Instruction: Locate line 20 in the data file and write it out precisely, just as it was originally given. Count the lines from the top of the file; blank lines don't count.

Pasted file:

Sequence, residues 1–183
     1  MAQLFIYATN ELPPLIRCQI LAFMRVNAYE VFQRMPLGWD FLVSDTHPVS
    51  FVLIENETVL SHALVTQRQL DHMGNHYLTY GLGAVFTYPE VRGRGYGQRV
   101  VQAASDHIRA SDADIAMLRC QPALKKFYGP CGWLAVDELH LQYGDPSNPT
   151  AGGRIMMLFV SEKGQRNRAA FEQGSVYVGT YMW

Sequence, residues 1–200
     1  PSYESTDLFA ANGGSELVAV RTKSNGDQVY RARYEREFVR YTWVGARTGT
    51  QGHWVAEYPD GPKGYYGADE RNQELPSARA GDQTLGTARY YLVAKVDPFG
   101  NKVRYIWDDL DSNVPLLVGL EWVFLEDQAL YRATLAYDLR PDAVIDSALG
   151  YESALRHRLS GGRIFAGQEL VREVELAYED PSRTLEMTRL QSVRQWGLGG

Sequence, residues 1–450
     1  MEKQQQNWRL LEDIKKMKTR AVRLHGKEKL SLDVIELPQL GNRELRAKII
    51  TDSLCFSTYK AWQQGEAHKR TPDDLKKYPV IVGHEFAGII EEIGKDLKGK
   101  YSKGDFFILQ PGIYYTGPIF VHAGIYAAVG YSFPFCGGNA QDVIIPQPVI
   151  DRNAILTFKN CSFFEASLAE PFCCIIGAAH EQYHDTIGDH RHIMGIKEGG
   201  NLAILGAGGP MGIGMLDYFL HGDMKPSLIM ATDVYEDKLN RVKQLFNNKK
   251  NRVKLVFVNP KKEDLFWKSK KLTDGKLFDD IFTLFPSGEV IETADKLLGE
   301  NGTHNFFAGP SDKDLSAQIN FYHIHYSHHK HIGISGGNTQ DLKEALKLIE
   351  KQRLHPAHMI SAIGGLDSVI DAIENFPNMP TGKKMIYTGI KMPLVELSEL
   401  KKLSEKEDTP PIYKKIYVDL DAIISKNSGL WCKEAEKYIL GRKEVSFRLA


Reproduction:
   401  KKLSEKEDTP PIYKKIYVDL DAIISKNSGL WCKEAEKYIL GRKEVSFRLA